SHIREKEEP (CS) – Kai Jackson has proposed controversial legislation in the Landsraad that would result in the dissolution of the Imperial Republic of Shireroth, which just last month celebrated its thirteenth year of existence.
In tabling his bill, Jackson cited his belief that Shireroth “cannot again reach the activity levels of the glory days” as his primary motivation to seek its dissolution, adding that such a bold move “shall generate much-needed activity.”
The bill proposes that Shireroth be succeeded by its current administrative divisions (Goldshire, Hyperborea, Kildare, Lichbrook, Safiria, Yardistan, and Shirekeep) becoming their own sovereign micronations. Upon achieving sovereignty, these successor states would continue to be aligned with each other through a “Group of Seven” to encourage commerce and intercultural exchange “as they attempt to manifest their respective destinies.”
The bill was quickly panned by several ranking Shirerithians, with Krasniy Yastreb referring to the measure as another “panicky” reaction to Shireroth’s current lull in activity. Said Yastreb, “What this would create is a series of territories too inactive to support themselves, which end up falling [to inactivity] in short order.”
Vilhelm Benkern was equally cool to the proposal stating that “a minor trough is no reason to disband at all,” and calling for Jackson to be ruled out as a potential candidate for future Kaiser for proposing such a measure. Jackson defended his proposal, responding to Benkern that “I don’t think three years is a minor trough.”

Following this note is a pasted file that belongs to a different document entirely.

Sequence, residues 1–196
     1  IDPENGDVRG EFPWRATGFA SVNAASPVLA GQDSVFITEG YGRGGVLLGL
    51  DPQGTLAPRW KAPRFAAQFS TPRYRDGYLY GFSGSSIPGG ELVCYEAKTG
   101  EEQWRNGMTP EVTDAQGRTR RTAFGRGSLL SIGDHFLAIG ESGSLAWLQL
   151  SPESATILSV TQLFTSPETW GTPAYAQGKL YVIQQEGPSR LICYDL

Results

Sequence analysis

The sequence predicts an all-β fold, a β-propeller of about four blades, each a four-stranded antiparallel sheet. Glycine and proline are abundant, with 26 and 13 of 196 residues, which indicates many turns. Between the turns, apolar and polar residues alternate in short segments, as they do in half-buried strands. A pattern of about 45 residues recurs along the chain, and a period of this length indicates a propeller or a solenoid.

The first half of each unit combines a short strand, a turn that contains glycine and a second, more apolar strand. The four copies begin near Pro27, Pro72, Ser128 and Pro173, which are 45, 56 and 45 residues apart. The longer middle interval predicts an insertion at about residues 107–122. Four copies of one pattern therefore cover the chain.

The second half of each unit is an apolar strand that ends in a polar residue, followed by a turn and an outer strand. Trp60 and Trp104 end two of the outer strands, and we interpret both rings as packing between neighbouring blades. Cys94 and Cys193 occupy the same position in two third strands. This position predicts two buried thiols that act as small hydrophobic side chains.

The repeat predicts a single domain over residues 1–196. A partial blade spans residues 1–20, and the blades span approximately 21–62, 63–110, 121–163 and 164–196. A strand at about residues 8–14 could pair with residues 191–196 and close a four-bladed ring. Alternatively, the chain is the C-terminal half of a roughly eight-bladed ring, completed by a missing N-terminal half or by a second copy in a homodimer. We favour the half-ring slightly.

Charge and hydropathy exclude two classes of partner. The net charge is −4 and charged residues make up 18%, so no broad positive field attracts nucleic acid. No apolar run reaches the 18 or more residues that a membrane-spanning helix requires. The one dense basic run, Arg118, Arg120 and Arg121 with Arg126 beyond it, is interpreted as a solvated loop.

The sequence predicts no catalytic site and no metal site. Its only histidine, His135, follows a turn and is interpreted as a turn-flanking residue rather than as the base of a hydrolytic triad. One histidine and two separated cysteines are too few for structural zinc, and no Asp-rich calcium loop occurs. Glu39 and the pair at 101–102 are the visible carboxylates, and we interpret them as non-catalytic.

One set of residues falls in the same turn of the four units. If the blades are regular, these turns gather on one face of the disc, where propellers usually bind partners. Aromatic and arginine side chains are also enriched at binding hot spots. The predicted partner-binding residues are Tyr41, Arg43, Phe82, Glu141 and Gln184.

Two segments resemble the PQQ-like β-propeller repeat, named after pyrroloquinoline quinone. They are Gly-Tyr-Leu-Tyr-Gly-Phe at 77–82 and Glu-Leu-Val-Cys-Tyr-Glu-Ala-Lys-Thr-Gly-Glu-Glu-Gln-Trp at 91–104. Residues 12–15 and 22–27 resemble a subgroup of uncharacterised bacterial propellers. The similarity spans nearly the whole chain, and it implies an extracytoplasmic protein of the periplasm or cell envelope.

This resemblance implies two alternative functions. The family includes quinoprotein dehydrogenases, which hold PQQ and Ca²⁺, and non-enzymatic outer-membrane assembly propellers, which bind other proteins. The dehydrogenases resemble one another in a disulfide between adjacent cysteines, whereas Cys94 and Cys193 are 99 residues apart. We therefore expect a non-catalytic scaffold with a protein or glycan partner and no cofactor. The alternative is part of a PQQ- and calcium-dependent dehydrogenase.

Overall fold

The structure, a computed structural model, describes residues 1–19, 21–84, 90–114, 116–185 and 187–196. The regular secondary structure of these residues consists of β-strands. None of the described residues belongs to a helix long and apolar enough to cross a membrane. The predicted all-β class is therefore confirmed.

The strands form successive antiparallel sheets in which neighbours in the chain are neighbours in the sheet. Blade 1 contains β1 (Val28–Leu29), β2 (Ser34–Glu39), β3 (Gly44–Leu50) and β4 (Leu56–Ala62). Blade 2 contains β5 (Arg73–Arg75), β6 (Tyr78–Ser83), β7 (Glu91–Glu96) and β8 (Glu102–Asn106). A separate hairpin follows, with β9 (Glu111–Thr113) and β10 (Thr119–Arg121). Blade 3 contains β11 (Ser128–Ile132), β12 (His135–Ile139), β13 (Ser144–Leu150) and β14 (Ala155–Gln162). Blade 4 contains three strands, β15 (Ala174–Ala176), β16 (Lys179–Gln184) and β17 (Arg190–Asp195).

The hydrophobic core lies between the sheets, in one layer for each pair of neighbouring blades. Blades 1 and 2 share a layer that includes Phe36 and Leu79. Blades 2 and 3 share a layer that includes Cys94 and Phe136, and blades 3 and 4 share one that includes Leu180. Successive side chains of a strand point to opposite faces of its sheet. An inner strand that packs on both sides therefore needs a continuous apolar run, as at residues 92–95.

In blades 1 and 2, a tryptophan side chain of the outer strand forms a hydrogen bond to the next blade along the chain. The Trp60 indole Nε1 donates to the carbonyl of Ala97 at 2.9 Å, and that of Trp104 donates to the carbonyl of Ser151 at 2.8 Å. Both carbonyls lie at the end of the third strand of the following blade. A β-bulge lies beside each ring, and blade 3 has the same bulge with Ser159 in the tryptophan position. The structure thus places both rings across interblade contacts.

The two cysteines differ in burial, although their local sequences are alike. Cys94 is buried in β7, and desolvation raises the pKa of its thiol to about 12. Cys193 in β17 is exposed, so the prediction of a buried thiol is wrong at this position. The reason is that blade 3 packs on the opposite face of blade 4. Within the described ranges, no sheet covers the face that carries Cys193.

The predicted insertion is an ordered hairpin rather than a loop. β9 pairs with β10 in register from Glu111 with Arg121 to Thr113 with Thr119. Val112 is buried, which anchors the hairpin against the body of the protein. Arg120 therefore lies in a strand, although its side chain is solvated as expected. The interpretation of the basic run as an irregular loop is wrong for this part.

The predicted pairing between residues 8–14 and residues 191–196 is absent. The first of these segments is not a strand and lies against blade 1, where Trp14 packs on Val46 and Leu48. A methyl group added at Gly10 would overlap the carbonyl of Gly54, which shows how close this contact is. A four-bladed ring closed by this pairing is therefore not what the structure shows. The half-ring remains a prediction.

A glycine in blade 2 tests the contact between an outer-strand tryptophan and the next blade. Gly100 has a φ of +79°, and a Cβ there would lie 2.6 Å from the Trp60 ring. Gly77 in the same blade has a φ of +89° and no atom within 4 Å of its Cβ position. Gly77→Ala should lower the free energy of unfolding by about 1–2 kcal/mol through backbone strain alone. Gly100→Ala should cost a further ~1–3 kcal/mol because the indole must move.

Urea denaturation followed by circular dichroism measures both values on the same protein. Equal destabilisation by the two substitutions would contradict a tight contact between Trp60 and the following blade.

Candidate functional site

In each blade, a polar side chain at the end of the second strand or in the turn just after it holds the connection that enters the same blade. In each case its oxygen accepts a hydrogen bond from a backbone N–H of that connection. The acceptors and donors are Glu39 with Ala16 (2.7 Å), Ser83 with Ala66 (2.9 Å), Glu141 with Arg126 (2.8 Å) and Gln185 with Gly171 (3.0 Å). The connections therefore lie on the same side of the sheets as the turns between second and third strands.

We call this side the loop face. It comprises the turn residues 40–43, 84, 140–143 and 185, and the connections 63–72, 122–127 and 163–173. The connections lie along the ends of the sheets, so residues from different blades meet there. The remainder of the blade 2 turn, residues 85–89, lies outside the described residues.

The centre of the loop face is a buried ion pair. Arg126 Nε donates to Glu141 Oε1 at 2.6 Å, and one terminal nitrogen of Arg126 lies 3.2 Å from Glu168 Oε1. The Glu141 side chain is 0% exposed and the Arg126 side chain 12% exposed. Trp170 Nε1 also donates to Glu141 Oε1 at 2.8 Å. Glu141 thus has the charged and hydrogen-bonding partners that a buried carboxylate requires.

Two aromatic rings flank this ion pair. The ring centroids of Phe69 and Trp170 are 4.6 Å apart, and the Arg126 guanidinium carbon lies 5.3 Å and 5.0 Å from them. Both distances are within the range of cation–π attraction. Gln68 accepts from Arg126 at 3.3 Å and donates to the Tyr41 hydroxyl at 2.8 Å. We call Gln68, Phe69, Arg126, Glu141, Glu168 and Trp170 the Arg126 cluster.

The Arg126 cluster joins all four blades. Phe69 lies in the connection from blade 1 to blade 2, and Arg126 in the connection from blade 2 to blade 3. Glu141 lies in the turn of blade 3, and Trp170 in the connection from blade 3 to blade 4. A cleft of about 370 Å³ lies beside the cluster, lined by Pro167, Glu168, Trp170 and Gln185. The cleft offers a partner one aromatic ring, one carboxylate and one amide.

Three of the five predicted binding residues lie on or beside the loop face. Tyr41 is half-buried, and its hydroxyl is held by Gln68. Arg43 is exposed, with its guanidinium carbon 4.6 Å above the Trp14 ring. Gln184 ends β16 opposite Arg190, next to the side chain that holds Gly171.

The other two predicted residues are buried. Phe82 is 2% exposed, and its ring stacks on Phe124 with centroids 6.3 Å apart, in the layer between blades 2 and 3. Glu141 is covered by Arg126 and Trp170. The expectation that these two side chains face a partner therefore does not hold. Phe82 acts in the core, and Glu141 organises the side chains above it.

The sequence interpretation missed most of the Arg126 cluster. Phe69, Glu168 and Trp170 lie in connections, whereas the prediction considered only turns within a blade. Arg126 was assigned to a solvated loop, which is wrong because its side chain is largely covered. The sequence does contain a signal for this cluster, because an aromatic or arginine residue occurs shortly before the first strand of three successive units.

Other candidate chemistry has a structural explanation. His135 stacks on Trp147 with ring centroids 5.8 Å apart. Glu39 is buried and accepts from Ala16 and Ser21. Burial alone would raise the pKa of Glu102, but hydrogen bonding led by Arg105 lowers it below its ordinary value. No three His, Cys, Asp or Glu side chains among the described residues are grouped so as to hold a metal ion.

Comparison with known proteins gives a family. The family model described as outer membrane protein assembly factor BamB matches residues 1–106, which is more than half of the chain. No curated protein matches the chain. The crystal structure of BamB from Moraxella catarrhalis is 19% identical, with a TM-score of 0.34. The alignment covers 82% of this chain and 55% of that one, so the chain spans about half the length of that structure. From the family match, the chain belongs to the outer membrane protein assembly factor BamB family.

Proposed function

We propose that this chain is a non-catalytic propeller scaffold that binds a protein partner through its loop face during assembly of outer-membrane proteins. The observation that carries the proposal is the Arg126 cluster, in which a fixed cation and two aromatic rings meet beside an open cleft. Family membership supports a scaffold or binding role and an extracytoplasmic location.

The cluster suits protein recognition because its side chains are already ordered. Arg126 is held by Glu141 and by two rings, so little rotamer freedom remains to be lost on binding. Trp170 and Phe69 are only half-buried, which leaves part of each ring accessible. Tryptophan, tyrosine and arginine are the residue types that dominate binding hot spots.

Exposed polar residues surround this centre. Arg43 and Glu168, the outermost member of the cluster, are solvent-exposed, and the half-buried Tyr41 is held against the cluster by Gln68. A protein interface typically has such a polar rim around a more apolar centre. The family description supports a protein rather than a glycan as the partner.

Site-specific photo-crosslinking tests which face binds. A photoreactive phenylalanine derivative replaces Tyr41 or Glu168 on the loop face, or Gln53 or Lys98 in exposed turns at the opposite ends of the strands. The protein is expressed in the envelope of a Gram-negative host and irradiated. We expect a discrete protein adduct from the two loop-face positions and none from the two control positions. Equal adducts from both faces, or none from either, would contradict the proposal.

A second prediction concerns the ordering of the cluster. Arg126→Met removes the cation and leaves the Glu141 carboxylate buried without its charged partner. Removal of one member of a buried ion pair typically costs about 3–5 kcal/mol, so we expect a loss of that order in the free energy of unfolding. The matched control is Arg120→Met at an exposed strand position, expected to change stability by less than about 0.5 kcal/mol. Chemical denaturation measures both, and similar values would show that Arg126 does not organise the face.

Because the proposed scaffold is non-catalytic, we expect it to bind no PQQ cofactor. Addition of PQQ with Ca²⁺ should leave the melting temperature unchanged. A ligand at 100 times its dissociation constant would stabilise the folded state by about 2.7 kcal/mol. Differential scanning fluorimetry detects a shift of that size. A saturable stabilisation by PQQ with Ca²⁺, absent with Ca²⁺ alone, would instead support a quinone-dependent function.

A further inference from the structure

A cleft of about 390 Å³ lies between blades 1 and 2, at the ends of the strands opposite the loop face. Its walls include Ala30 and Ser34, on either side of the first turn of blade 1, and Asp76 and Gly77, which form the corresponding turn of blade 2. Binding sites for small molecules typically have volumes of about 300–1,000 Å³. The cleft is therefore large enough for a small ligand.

Kaiseress Mira Raynora also voiced her opposition to the bill, calling dissolution “unthinkable,” while noting that Shireroth, while not as active as in its past, was nonetheless still productive. Raynora viewed the proposal as an opportunity to reform the current system of governance in Shireroth, encouraging individuals to propose ways to improve the system as opposed to pursuing dissolution of the state. Her view was echoed by Soreaa Isurui, who voiced that reforms have to be moderate while cautioning that “too little of it or too much of it is clearly nothing that we can afford.”
Debate on the proposal continues in the Landsraad as of press time.